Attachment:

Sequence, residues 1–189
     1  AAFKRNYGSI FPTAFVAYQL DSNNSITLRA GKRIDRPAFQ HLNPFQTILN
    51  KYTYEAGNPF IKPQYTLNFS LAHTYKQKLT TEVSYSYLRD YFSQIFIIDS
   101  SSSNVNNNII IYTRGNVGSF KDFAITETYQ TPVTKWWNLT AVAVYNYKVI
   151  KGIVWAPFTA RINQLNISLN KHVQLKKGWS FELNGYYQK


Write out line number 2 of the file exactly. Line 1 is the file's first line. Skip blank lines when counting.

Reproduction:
     1  AAFKRNYGSI FPTAFVAYQL DSNNSITLRA GKRIDRPAFQ HLNPFQTILN